Monday, April 20, 2009

Gardening 101

Have you seen the price of blueberries and strawberries? Wow! Problem is...I love both of these fruit so since I'm really getting into expanding my gardening abilities this year, I thought I would do a little research and see just how difficult it might be to grow them in containers...and you know what...I think I can do this...And just in case you think you might want to try it, here's some tips:


First, you need to know what variety of blueberry is best for a container. A dwarf blueberry plant, such as Tophat, grows very well in containers. The Tophat has small, sweet berries that are similar to a wild blueberry.

It will grow to be about 24 inches tall and will fill most containers.

Next, you have to choose the correct container. Make sure the container is at least 24 inches wide and 16 inches or more deep. This will be a good size container for permanent growth. A larger container, such as a whiskey barrel, will allow your Tophat to grow larger and give more fruit.

So what type of soil do you need? 1 part topsoil and 1 part sphagnum peat moss will give your blueberries the best start.

You will want to make sure you give your soil a good moistening before planting. Place your plant in the middle of the container and about 2 inches deep in the soil. Blueberries are an acid-loving plant, so make sure you get a time-release fertilizer. A 4-inch layer of mulch is also something that will help your blueberries grow, just make sure that you keep the mulch away from the plant itself. This will encourage new canes to develop.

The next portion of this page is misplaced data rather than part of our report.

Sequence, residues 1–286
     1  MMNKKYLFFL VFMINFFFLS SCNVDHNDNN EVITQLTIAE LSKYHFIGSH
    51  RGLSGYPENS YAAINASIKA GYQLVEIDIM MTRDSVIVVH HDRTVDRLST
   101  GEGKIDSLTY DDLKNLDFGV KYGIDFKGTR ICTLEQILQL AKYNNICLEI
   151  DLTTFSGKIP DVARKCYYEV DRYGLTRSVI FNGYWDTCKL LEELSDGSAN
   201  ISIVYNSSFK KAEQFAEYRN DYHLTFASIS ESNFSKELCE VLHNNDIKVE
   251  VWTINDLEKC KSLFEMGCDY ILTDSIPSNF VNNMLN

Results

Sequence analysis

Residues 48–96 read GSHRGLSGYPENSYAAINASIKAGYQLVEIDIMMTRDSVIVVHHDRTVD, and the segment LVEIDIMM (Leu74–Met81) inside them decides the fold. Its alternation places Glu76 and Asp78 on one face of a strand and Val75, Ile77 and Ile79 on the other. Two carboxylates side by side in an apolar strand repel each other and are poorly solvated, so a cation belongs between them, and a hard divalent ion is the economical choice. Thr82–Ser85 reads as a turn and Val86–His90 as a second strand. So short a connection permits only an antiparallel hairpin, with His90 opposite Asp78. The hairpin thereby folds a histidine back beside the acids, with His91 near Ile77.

You want to keep the soil moist and the mulch will help do that. Just make sure you don't overdo it, you won't want the soil to be too wet. Place your plant in the sun and that is it!

All you have to do now is pick the blueberries and enjoy them!


You want to make sure your container allows your soil to drain. So hanging baskets and any other container that has a hole in the bottom for drainage will work. If your container comes with a saucer, you will want to make sure that your container doesn't sit directly on the saucer. This can cause too much moister on the roots of your plants.

Your strawberry plant will need 6 to 8 hours of sunlight each day. If you don't have this much actual sunlight, then you might want to check on using a plant light.

Your strawberries need a well-drained soil that contains organic matter. Mixing a 5-10-5 fertilizer or 21-0-0 ammonium sulfate into the soil before planting will give your strawberries a great start. Just make sure to follow the directions on your fertilizer so you know how much to use based on the size of the container.

Basically, as long as the roots of your strawberry plants are covered, you should be okay. If you are planting more than one plant, you will need to make sure the plants are at least 2 feet apart, so planting one plant per container might work best.

Just like blueberries, you will want to water your plants only enough to keep the soil moist. Good drainage is best for your plants.

Believe it or not, being in the dark is just as important to your strawberry plants as having sunlight. So make sure your plants are in the dark from sunset to sunrise.

Enjoy! I know I will...

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